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NASA Tests GPS Tsunami Prediction System

Researchers used data from a GPS network to successfully predict the size of the tsunami that followed February's 8.8 earthquake in Chile.
NASA has successfully tested a GPS-based prediction system for assessing the risk and size of tsunamis that may result from significantly sized earthquakes.

A NASA team from the Jet Propulsion Laboratory (JPL) used realtime data from its Global Differential GPS (GDGPS) network to successfully predict the size of the tsunami that resulted from a magnitude 8.8 quake on Feb. 27 in Chile, the agency said this week.

The JPL manages the network, which combines global and regional data from hundreds of GPS sites, estimating their positions every second. The NASA team used those measurements to estimate the energy an undersea quake would transfer to the ocean to generate a tsunami, the agency said.

The prediction method was developed by NASA researcher Y. Tony Song in 2007, but first proven after the Chile quake. Song led the JPL team that made the prediction.

Specifically, NASA's GDGPS network station in Santiago, Chile, captured the ground motion of the quake when it struck. The data was then made available to Song within minutes of the event, and he used it to calculate the source energy for a tsunami.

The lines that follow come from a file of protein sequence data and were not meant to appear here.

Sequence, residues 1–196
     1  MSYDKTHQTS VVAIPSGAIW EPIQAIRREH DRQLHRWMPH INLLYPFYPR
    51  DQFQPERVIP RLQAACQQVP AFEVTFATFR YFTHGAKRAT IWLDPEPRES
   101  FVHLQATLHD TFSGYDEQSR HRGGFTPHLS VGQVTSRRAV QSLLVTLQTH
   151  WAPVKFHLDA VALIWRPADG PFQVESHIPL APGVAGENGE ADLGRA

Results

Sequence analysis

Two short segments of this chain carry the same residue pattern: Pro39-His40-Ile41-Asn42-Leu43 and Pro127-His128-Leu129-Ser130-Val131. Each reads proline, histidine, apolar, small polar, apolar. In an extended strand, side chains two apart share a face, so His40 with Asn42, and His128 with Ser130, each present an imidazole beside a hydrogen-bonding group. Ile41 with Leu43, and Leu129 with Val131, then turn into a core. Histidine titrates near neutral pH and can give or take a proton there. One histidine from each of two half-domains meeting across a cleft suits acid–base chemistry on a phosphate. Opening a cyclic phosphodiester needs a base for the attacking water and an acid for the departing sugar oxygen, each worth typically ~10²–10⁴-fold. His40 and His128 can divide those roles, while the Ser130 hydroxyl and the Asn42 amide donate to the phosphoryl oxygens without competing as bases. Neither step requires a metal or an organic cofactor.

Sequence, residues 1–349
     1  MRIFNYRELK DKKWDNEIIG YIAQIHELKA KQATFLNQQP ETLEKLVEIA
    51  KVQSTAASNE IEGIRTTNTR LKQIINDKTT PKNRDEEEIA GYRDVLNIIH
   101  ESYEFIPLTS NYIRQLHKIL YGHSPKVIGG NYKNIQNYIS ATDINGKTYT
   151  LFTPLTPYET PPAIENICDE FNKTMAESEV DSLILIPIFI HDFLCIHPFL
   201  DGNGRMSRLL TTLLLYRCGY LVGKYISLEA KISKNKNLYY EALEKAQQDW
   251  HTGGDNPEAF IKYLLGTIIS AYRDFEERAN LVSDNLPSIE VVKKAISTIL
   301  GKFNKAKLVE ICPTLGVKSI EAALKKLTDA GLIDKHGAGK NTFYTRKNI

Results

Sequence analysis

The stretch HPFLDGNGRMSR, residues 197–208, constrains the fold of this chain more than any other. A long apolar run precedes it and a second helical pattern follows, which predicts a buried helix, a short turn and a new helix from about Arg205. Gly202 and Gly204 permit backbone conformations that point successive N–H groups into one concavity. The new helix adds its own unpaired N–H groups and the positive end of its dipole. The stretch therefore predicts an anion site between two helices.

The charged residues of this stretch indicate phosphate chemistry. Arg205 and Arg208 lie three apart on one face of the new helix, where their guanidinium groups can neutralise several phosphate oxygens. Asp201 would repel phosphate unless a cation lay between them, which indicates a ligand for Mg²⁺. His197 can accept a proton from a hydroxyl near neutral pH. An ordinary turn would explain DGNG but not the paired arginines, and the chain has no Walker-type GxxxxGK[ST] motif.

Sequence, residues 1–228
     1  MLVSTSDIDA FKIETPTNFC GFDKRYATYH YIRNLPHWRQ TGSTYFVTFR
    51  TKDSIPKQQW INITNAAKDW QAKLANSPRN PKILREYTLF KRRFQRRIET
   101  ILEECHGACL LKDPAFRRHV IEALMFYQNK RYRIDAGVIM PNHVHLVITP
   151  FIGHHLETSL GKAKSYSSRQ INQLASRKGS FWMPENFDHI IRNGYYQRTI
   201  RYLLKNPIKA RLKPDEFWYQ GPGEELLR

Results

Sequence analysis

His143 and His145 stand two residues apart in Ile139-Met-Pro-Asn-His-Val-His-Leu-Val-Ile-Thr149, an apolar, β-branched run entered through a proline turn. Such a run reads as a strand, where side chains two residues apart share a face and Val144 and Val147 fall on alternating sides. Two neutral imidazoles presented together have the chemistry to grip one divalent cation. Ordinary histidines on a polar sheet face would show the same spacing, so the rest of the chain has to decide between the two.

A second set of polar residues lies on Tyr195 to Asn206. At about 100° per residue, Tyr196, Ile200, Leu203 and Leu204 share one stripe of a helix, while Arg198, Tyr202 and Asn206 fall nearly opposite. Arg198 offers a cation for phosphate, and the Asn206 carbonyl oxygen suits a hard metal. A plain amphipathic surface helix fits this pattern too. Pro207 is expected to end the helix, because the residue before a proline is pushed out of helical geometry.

Basing his conclusion on ground motion that transferred minimal kinetic energy to the ocean -- and despite the fact that the earthquake was the largest ever recorded by instruments -- Song rated the tsunami as moderate, or a 4.8 on a 10-point scale, with 10 being most destructive.

His prediction was confirmed by measurements from two joint NASA/French Space Agency satellites, called Jason-1 and Jason-2, according to NASA.

More accurate technology for tsunami prediction has become a more pressing need since the 2004 tsunami in the Indian Ocean that killed more than 200,000 people in Thailand, India, Sri Lanka, the Maldives, and Indonesia

The technology typically used in tsunami warning systems estimates an earthquake's location, depth and magnitude but does not take into consideration other factors that historically have shown to affect whether a tsunami will result from a quake, according to NASA.

Computer modeling of tsunamis has shown that both the shape of the seafloor and horizontal motions of a continental slope during a quake also contribute to whether a powerful wave will be generated, the agency said. The latter is a major component of Song's theory.